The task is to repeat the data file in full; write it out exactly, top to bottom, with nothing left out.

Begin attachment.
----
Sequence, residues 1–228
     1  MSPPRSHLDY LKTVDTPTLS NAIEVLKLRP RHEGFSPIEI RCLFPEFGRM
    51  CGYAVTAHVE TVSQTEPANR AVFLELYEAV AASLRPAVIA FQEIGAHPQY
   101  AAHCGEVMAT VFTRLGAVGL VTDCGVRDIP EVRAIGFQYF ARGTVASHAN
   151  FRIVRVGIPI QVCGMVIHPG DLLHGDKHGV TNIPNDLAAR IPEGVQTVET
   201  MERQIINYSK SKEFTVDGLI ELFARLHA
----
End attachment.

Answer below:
Sequence, residues 1–228
     1  MSPPRSHLDY LKTVDTPTLS NAIEVLKLRP RHEGFSPIEI RCLFPEFGRM
    51  CGYAVTAHVE TVSQTEPANR AVFLELYEAV AASLRPAVIA FQEIGAHPQY
   101  AAHCGEVMAT VFTRLGAVGL VTDCGVRDIP EVRAIGFQYF ARGTVASHAN
   151  FRIVRVGIPI QVCGMVIHPG DLLHGDKHGV TNIPNDLAAR IPEGVQTVET
   201  MERQIINYSK SKEFTVDGLI ELFARLHA